California Governor Newsom announced the “blueprint for a safer economy,” a gradual process for reopening businesses in California, on August 28. A replacement for the County Monitoring List, the blueprint is a four-tier, color-coded system for business reopening based on each county’s specific coronavirus (COVID-19) case rates and percentage of positive tests.
Under the blueprint for a safer economy, every county in California is assigned to a tier based on its new case and COVID-19 test positivity rates. At a minimum, counties must remain in a tier for at least three weeks before moving forward with reopening processes.
The California Department of Public Health will review data weekly. The state will update tiers on Tuesdays, beginning September 8. To move forward, a county must meet the next tier’s criteria for two consecutive weeks. If a county’s metrics worsen for two consecutive weeks, the state will assign it to a more restrictive tier.
A county may issue its own guidelines that are more stringent than the state’s blueprint. If a county’s order/guidelines are more stringent, then they control.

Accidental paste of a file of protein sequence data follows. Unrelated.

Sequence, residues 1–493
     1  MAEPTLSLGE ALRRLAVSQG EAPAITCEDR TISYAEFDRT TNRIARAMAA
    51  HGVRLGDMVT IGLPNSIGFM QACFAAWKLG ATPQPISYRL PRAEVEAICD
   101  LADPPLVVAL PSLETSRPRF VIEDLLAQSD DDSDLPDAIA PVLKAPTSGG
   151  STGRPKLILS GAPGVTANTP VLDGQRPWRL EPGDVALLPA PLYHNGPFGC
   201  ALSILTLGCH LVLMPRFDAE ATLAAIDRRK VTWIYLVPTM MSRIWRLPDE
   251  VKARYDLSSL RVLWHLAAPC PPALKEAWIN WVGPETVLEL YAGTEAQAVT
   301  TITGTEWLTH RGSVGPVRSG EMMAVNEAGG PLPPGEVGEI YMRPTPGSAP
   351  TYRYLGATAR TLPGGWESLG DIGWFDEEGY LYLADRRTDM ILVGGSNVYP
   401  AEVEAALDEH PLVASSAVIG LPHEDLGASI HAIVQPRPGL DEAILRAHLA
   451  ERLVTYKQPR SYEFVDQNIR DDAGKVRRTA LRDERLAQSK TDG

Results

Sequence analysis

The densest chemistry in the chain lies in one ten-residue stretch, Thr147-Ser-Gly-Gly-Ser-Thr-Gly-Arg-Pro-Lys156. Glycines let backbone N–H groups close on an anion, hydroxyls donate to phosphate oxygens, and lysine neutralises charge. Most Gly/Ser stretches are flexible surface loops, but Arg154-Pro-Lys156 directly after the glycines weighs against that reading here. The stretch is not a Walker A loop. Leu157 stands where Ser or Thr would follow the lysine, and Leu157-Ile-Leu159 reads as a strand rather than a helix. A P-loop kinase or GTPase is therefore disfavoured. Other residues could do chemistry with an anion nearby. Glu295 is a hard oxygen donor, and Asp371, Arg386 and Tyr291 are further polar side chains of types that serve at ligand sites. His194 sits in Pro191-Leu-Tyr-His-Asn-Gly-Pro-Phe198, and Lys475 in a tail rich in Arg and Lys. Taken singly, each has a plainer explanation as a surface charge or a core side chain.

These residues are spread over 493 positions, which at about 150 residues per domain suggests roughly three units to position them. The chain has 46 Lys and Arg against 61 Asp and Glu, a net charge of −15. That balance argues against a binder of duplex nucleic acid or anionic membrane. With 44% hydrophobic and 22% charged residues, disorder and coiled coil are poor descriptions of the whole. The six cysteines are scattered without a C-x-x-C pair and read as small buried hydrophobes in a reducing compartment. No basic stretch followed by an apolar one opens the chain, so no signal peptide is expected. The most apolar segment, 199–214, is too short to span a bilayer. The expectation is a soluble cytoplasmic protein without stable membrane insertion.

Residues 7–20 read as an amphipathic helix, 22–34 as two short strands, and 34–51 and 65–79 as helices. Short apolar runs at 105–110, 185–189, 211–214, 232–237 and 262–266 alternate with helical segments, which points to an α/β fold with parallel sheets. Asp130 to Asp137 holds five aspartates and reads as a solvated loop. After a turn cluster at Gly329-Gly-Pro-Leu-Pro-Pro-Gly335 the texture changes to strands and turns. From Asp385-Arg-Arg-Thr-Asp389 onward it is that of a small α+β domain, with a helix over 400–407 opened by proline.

The tier system allows businesses that have a lower risk of spreading COVID-19 to open even when the county is in the Purple or Red Tier. By contrast, higher-risk businesses are not allowed to open until the county moves to the Orange or Yellow Tier.
Whether a business is considered to be high-risk depends on whether the business can meet the following factors:
Under the blueprint, certain businesses the state ordered to close on July 13 were allowed to reopen statewide regardless of the county tier on August 31. These include hair salons and barbershops, retail, and shopping centers (at a maximum capacity of 25%).
The state’s blueprint for a safer economy website also lists the current tier of each county.
While the new tier system is a departure from the previous watch list, it is not a drastic change for most businesses. As with the state’s prior updates, businesses should check regularly the state’s website as well as the updates and protocols for county and local jurisdictions in which businesses operate. For example, while many counties allowed shopping centers and hair salons to reopen on August 31, Los Angeles County requires that those types of businesses remain closed for indoor operations.
We have developed many customizable resources to support employers’ efforts in safely returning to work. These include tracking of state and local orders on return to work requirements and essential/nonessential work; policy templates and guidelines for key topics such as social distancing procedures, temperature testing, and workplace arrangements for high-risk employees; and webinar training on safety measures for return to work. View the full list of return to work resources and consult our workplace reopening checklist.
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Kathryn T. McGuigan